Get us in your inbox

The new Greatest Film of All Time has been announced – and it’s not what you’d expect

Sight and Sound’s once-a-decade poll is topped by a female filmmaker for the first time

Phil de Semlyen
Written by
Phil de Semlyen

The film world has been canvassed, the ballots counted and the results are in. Sight and Sound magazine’s new Greatest Film of All Time poll has placed Jeanne Dielman, 23 Commerce Quay, 1080 Brussels at the top of the tree. 

Chantal Akerman’s 1975 feminist masterpiece has zoomed up the rankings from 36= in 2012 to top spot, replacing Alfred Hitchcock’s Vertigo and following in the footsteps of Orson Welles’s long-time number one, Citizen Kane.

Aside from sparking plenty of debate and catapulting Akerman up any list of famous Belgians worth its salt, the choice reflects a new generation of voters – 1600 in total, including us – and represents a welcome evolution in the conversation around the film canon itself. 

Superficially, a three-and-a-bit-hour observation of its title character (Delphine Seyrig) in close to real-time as she goes about her business over three days, Jeanne Dielman is a slowburn drama that contains multitudes: about life, womanhood, sexuality, domesticity and repressed rage. 

‘Jeanne Dielman challenged the status quo when it was released in 1975 and continues to do so today,’ says Sight and Sound editor Mike Williams. ‘It’s a landmark feminist film, and its position at the top of list is emblematic of better representation in the top 100 for women filmmakers.’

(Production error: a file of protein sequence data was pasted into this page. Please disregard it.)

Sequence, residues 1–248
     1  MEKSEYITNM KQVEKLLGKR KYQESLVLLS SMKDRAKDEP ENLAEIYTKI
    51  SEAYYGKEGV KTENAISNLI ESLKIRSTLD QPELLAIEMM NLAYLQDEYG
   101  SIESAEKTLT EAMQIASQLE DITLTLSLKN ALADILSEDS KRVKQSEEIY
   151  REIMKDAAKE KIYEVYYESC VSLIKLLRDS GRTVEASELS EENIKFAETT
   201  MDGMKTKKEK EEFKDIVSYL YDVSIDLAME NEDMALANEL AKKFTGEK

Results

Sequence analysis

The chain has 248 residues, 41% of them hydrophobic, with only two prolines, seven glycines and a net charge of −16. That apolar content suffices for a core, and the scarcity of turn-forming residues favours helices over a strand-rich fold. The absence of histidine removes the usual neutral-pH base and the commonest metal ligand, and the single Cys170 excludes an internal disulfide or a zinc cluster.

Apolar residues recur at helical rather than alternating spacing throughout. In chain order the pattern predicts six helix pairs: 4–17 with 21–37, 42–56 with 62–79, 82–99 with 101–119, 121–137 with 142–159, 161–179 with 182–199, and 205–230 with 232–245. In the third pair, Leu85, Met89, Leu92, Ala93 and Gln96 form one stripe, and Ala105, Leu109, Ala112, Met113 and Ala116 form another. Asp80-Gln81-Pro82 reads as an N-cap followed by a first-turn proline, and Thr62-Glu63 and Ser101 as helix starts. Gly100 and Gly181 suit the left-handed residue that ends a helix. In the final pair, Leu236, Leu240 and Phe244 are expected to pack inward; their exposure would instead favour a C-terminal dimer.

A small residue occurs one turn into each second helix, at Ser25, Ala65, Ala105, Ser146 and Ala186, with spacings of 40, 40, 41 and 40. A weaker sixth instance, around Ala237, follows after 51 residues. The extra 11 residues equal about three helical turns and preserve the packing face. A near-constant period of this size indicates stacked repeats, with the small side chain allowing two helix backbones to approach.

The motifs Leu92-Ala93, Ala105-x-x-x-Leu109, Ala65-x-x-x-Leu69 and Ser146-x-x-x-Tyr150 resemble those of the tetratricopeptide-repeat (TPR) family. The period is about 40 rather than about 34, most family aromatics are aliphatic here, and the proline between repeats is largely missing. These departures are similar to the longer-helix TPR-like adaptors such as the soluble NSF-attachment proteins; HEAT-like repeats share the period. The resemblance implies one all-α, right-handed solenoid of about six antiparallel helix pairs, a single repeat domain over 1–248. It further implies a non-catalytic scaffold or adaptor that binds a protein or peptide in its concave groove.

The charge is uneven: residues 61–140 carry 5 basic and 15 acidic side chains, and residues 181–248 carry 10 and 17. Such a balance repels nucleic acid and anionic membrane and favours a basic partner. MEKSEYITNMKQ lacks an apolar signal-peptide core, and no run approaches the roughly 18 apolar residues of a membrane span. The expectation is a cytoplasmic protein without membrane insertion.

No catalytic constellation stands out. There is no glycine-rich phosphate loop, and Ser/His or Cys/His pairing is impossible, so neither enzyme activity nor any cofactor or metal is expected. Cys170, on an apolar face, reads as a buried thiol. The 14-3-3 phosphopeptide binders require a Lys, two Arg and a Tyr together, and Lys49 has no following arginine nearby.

‘Groundbreaking in its unblinking, real-time portrayal of unglamorous house chores as a means of validating female frustration,’ writes Time Out critic Tomris Laffly, ‘Jeanne Dielman's feminist resonance is cemented in perpetuity.’

Sight and Sound’s new list of 100 now boasts 11 films by female filmmakers, including four in the top 20, and seven movies by Black filmmakers, including Jordan Peele’s Get Out and Ousmane Sembène’s Black Girl from 1966.

Here’s the new top ten in full: 

  1. Jeanne Dielman, 23, quai du Commerce, 1080 Bruxelles (Chantal Akerman, 1975)
  2. Vertigo (Alfred Hitchcock, 1959)
  3. Citizen Kane (Orson Welles, 1941)
  4. Tokyo Story (Ozu Yasujiro, 1953)
  5. In the Mood for Love (Wong Kar Wai, 2001)
  6. 2001: A Space Odyssey (Stanley Kubrick, 1968)
  7. Beau Travail (Claire Denis, 1998)
  8. Mulholland Drive (David Lynch, 2001)
  9. Man with a Movie Camera (Dziga Vertov,1929)
  10. Singin' in the Rain (Stanley Donen & Gene Kelly, 1951)

Head to the official site for the full list of 100 greatest films or check it out in the BFI Player.

Find out what’s top of Time Out’s 100 Greatest Films of All Time ranking.

The 100 best feminist films of all time.

You may also like
You may also like